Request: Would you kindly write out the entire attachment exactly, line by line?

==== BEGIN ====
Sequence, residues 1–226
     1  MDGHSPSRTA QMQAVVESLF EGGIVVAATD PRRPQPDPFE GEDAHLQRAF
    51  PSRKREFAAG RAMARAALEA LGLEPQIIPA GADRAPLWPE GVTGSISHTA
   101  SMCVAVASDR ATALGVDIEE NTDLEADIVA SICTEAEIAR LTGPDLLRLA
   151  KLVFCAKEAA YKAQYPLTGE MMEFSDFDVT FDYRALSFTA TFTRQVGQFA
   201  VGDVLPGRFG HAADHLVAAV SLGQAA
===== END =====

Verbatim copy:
Sequence, residues 1–226
     1  MDGHSPSRTA QMQAVVESLF EGGIVVAATD PRRPQPDPFE GEDAHLQRAF
    51  PSRKREFAAG RAMARAALEA LGLEPQIIPA GADRAPLWPE GVTGSISHTA
   101  SMCVAVASDR ATALGVDIEE NTDLEADIVA SICTEAEIAR LTGPDLLRLA
   151  KLVFCAKEAA YKAQYPLTGE MMEFSDFDVT FDYRALSFTA TFTRQVGQFA
   201  VGDVLPGRFG HAADHLVAAV SLGQAA